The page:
Scientists from the Universidad Carlos III de Madrid (UC3M) have published a paper featuring the results of research into interactions between robots and deaf people, in which they were able to programme a humanoid - called TEO - to communicate in sign language. For more information see the IDTechEx report on Mobile Robots and Drones in Material Handling and Logistics 2018-2038.
For a robot to be able to "learn" sign language, it is necessary to combine different areas of engineering such as artificial intelligence, neural networks and artificial vision, as well as underactuated robotic hands.
"One of the main new developments of this research is that we united two major areas of Robotics: complex systems (such as robotic hands) and social interaction and communication," explains Juan Víctores, one of the researchers from the Robotics Lab in the Department of Systems Engineering and Automation of the UC3M.
The first thing the scientists did as part of their research was to indicate, through a simulation, the specific position of each phalanx in order to depict particular signs from the Spanish Sign Language. They then attempted to reproduce this position with the robotic hand, trying to make the movements similar to those a human hand could make. "The objective is for them to be similar and, above all, natural. Various types of neural networks were tested to model this adaptation, and this allowed us to choose the one that could perform the gestures in a way that is comprehensible to people who communicate with sign language," the researchers explain.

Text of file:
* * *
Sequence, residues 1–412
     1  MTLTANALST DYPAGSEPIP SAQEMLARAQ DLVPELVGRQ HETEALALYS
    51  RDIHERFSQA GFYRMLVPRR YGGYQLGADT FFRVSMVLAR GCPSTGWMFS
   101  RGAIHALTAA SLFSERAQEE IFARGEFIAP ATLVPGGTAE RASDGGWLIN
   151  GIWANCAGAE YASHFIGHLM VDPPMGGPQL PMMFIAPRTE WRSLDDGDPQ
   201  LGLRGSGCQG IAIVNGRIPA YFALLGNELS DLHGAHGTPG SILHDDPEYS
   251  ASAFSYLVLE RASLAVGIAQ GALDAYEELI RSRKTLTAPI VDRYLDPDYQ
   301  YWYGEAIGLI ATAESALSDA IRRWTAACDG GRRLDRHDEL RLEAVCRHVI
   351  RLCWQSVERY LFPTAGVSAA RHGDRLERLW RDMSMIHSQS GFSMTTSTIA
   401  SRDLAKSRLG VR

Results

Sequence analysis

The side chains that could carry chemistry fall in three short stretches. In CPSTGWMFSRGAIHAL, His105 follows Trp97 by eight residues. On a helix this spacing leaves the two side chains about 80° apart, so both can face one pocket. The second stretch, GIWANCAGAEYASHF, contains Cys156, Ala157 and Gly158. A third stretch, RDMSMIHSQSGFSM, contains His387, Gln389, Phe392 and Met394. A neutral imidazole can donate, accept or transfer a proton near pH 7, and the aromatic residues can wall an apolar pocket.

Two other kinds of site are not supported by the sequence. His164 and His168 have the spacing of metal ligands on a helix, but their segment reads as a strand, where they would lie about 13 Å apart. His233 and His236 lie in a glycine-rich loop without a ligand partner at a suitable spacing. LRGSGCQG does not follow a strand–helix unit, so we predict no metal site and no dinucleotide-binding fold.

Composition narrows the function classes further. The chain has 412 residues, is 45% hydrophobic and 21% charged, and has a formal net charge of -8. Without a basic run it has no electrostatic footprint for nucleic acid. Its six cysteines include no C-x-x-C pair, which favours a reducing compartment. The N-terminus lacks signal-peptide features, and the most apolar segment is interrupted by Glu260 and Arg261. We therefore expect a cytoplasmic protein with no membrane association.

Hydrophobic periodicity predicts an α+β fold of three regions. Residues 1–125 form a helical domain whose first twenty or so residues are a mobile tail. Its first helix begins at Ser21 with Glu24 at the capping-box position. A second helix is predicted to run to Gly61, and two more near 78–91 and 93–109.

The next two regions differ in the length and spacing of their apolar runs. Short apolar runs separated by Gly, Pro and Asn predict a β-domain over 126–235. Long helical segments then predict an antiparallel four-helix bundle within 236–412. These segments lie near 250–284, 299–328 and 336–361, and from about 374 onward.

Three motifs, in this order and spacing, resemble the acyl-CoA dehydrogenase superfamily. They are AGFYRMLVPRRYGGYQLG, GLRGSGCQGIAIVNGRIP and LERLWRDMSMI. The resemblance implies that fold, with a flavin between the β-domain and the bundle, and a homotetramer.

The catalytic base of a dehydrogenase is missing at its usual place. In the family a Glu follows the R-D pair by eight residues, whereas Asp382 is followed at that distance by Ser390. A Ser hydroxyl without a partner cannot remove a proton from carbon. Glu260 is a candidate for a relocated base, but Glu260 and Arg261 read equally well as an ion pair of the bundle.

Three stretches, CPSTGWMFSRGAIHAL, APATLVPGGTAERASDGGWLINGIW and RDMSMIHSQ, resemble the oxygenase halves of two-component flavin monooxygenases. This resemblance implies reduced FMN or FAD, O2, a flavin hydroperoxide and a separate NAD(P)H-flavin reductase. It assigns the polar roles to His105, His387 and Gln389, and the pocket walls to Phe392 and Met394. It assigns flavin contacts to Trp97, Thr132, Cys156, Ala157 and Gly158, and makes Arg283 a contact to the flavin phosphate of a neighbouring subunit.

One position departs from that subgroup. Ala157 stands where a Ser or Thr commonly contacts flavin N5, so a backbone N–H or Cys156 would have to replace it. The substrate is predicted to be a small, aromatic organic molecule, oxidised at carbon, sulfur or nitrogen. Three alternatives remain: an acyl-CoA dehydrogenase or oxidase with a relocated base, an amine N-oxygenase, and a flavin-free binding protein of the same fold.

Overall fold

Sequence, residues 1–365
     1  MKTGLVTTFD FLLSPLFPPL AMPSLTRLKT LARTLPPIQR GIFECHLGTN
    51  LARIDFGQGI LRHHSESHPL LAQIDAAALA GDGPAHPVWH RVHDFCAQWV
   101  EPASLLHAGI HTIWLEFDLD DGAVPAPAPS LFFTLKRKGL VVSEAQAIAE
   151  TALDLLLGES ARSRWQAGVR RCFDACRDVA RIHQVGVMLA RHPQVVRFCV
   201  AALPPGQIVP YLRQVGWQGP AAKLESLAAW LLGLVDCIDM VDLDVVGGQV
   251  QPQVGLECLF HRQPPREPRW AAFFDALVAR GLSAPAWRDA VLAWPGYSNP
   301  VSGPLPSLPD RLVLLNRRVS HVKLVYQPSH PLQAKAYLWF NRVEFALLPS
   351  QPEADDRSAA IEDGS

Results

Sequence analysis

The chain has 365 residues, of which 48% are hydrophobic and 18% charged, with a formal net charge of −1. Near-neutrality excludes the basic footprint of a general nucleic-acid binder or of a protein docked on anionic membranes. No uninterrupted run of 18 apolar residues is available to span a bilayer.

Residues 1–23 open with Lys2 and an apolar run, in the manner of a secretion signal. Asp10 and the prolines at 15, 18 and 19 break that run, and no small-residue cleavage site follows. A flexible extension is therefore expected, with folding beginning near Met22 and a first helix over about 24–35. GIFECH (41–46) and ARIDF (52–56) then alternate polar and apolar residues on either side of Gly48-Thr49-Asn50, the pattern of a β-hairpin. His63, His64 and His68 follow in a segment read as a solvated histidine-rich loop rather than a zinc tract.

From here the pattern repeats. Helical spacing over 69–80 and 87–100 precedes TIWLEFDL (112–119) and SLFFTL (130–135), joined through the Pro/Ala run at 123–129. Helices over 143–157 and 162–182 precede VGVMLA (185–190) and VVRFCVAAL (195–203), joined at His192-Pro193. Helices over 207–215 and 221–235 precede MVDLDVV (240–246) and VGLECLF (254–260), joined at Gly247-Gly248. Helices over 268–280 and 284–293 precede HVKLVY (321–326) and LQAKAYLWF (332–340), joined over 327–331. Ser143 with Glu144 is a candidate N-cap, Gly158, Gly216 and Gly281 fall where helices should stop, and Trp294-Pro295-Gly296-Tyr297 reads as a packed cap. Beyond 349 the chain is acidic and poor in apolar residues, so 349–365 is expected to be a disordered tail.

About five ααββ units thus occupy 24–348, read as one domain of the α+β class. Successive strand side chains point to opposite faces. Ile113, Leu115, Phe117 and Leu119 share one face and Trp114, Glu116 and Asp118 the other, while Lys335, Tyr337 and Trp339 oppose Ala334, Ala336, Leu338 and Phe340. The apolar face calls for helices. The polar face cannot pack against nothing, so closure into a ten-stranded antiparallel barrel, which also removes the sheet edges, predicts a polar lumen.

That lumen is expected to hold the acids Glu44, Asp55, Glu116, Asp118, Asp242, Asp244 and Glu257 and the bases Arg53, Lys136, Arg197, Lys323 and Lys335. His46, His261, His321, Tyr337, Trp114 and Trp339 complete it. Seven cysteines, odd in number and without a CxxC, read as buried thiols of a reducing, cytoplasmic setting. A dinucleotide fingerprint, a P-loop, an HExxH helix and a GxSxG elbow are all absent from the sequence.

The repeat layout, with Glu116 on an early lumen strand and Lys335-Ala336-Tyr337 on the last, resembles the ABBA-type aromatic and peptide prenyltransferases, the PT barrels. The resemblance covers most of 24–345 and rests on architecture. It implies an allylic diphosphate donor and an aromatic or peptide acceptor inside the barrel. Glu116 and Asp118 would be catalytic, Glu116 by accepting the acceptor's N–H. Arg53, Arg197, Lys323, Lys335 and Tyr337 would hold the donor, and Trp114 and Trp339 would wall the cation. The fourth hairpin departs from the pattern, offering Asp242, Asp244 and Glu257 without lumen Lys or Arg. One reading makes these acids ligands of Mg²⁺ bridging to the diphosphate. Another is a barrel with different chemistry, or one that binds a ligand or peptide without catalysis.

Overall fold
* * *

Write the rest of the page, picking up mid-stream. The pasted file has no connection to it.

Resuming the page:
Finally, the scientists verified that the system worked by interacting with potential end-users. "The deaf people who have been in contact with the robot have reported 80 percent satisfaction, so the response has been very positive," says another of the researchers from the Robotics Lab, Jennifer J. Gago. The experiments were carried out with TEO (Task Environment Operator), a humanoid robot for home use developed in the Robotics Lab of the UC3M.
To date, TEO has mastered the fingerspelling alphabet of sign language, as well as a very basic vocabulary related to household tasks, this researcher explains. One of the challenges the scientists now face in order to continue developing this system is "the rendering of more complex gestures, using complete sentences", says another member of the Robotics Lab team, Bartek Lukawski. The robot could then be used by the approximately 13,300 people in Spain who use sign language to communicate.
The broader objective is for robots of this type to become household assistants that are able to help with ironing (TEO also does this), folding clothes, serving food, and interacting with users in domestic environments. In addition, "these robotic hands could be implemented in other humanoids and they could be used in other environments and circumstances," says Jennifer J. Gago. "The really important thing is that all of these technologies, all of these developments that we contribute to, are geared towards including all members of society. It is a way of envisaging technology as an aid to inclusion, both of minorities and of majorities, within a democracy," Juan Víctores emphasises.
Source and top image: Carlos III University of Madrid (UC3M)
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